Ooya Hummingbird Project
Ooya is blessed with the rich nature of the Sanriku region. But our natural environment is undergoing destructive changes, and the agriculture, forestry and fishery industries that once supported lives in the region are declining. Amid such destructive changes, children of the region are undertaking a wide range of activities to help regenerate and preserve the nature of Ooya and our livelihoods depend on it.
Ooya has received the gift of the abundant natural resources from the Sanriku coast where warm and cold currents meet. Thus, the region has long relied on the agriculture, forestry and fishery industries. But due to a decreasing and aging population and dwindling birthrate, there are fewer people working in these industries. As a result, the natural environment that has provided a rich bounty in the past is now left abandoned. Worse still, this enivornment has recently been suffering the effects of “Matsu-gare” (Pine Wilt Disease) and “Iso-yake” (Seaweed Deforestation, Shore Denudation) occurred.
In 2004, Wanting to save the environment in their hometown, the children of the Ooya Junior High School sprung to action. The causes of pine wilt disease and sea deforestatcion are environmental destruction and global warming triggered by human beings. These are a grave global issues, but the “Ooya Hummingbird Project (Ooya Hachidori Keikaku)” began with the desire to “do what I can do”, following the example of the hummingbird in a folk story who tried to put out a forest fire by carrying a tiny drop of water in her beak. Although the impact of one may be small, together, we can achieve great things.”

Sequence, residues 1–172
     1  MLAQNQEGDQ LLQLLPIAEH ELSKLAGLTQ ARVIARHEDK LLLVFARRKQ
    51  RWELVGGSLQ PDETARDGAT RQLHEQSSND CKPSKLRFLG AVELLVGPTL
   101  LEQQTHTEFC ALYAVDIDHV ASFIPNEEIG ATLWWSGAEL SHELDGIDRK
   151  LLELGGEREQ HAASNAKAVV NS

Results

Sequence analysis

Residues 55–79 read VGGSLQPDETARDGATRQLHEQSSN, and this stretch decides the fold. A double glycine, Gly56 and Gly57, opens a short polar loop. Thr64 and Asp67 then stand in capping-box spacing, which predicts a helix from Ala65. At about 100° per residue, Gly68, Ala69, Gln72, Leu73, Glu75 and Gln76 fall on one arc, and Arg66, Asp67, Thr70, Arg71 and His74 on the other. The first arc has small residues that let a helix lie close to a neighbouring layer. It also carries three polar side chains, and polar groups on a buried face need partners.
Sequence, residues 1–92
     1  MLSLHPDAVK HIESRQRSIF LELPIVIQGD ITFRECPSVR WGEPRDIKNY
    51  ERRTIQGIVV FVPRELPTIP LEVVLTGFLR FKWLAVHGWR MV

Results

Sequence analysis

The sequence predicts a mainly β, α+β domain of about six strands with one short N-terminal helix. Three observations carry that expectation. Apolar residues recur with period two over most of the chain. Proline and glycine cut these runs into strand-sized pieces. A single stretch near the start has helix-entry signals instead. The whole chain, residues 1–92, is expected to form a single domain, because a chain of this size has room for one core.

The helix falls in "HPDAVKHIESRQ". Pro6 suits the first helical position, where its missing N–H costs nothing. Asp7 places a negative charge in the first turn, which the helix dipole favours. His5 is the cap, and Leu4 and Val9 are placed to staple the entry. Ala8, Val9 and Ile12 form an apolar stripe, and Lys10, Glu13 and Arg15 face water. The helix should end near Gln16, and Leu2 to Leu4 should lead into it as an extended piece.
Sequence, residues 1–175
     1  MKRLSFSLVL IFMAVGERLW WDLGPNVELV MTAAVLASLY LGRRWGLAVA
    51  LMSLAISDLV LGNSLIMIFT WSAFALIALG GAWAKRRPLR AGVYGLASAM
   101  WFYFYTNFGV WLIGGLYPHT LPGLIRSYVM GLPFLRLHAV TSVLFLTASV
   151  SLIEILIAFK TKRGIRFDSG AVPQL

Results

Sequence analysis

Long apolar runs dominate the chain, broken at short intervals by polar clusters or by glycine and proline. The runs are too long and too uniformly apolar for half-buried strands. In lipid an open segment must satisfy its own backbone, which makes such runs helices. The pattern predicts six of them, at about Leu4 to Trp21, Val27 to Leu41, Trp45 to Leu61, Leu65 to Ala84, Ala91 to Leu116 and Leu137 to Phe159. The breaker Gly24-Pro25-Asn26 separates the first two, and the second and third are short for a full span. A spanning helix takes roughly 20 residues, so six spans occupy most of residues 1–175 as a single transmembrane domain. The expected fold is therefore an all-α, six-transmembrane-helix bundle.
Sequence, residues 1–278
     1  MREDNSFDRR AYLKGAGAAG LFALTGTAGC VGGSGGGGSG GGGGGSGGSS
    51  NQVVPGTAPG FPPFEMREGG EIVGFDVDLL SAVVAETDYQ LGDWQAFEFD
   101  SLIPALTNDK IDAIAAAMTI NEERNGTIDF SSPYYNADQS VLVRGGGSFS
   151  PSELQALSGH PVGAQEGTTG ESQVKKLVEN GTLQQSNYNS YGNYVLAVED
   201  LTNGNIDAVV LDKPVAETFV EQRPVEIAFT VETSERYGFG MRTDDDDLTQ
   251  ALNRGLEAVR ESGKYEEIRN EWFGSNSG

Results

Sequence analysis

As the first step to preserving Ooya’s natural environment, the children learned about the causes of pine wilt disease and sea deforestatcion and developed countermeasures. These environmental changes were also tied to the decline of the agriculture, forestry and fishery industries. In order to preserve the livelihood of Ooya which has been long supported by these three industries, a program was necessary that would enable children to continuously learn about the regional environment and people’s livelihoods. It is why we began this project 13 years ago. In order to provide further support, the project is now working with Ooya’s kindergarten and elementary school, and it has evolved to become a regional initiative gaining the cooperation of local communities and families, we call such cooperation “regional collaborative education”.
In 2011, Tohoku was hit by a strong earthquake. A tsunami washed away the pine forests children had planted, and the rice paddies they had cultivated. However, a lot of volunteers came together from all across Japan and worked to restore the paddies, which enabled us to continue our project. In order to regenerate the paddies and their biodiversity, we launched a new project, “Project for Rice Paddy Biodiversity (Ikimono-tambo Project)”. In 2015, this project was certified by the partnership program of the Japan Committee for United Nations Decade on Biodiversity.